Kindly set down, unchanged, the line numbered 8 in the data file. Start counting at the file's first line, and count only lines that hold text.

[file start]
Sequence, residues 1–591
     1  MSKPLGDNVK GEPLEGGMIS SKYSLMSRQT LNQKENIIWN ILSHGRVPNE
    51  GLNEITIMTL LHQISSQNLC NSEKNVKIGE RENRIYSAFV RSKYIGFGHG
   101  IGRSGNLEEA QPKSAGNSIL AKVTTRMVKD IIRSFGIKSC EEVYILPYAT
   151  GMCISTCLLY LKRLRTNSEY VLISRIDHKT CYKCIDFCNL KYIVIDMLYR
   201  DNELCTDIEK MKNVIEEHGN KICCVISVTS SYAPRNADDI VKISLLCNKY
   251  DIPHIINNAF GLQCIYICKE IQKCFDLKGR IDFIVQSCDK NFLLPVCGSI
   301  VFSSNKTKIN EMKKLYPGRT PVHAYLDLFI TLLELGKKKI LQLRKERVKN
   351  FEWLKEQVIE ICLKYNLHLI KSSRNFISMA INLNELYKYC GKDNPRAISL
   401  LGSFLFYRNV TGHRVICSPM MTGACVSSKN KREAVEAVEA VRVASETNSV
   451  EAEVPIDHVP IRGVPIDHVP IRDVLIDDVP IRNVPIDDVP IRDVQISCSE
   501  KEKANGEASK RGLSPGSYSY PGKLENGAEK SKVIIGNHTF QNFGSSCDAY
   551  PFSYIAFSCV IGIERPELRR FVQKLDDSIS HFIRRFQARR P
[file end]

   301  VFSSNKTKIN EMKKLYPGRT PVHAYLDLFI TLLELGKKKI LQLRKERVKN